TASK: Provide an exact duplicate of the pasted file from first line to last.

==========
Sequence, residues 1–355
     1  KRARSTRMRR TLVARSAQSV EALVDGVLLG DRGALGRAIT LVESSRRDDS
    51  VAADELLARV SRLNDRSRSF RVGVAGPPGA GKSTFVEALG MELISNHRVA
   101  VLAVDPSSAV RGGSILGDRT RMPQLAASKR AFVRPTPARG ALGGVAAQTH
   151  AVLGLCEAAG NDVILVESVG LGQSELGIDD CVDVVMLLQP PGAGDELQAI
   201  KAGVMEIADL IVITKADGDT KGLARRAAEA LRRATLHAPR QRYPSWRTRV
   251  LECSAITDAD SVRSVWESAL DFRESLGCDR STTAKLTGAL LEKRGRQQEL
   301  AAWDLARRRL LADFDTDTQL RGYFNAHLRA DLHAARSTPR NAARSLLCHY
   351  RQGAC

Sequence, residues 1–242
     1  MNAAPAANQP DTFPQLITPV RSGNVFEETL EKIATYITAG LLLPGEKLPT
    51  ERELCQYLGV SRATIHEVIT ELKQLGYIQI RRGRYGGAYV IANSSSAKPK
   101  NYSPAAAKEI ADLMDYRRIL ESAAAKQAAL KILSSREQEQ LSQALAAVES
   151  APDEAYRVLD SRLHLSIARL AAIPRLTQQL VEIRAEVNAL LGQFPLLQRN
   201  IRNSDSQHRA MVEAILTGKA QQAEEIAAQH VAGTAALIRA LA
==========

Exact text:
Sequence, residues 1–355
     1  KRARSTRMRR TLVARSAQSV EALVDGVLLG DRGALGRAIT LVESSRRDDS
    51  VAADELLARV SRLNDRSRSF RVGVAGPPGA GKSTFVEALG MELISNHRVA
   101  VLAVDPSSAV RGGSILGDRT RMPQLAASKR AFVRPTPARG ALGGVAAQTH
   151  AVLGLCEAAG NDVILVESVG LGQSELGIDD CVDVVMLLQP PGAGDELQAI
   201  KAGVMEIADL IVITKADGDT KGLARRAAEA LRRATLHAPR QRYPSWRTRV
   251  LECSAITDAD SVRSVWESAL DFRESLGCDR STTAKLTGAL LEKRGRQQEL
   301  AAWDLARRRL LADFDTDTQL RGYFNAHLRA DLHAARSTPR NAARSLLCHY
   351  RQGAC

Sequence, residues 1–242
     1  MNAAPAANQP DTFPQLITPV RSGNVFEETL EKIATYITAG LLLPGEKLPT
    51  ERELCQYLGV SRATIHEVIT ELKQLGYIQI RRGRYGGAYV IANSSSAKPK
   101  NYSPAAAKEI ADLMDYRRIL ESAAAKQAAL KILSSREQEQ LSQALAAVES
   151  APDEAYRVLD SRLHLSIARL AAIPRLTQQL VEIRAEVNAL LGQFPLLQRN
   201  IRNSDSQHRA MVEAILTGKA QQAEEIAAQH VAGTAALIRA LA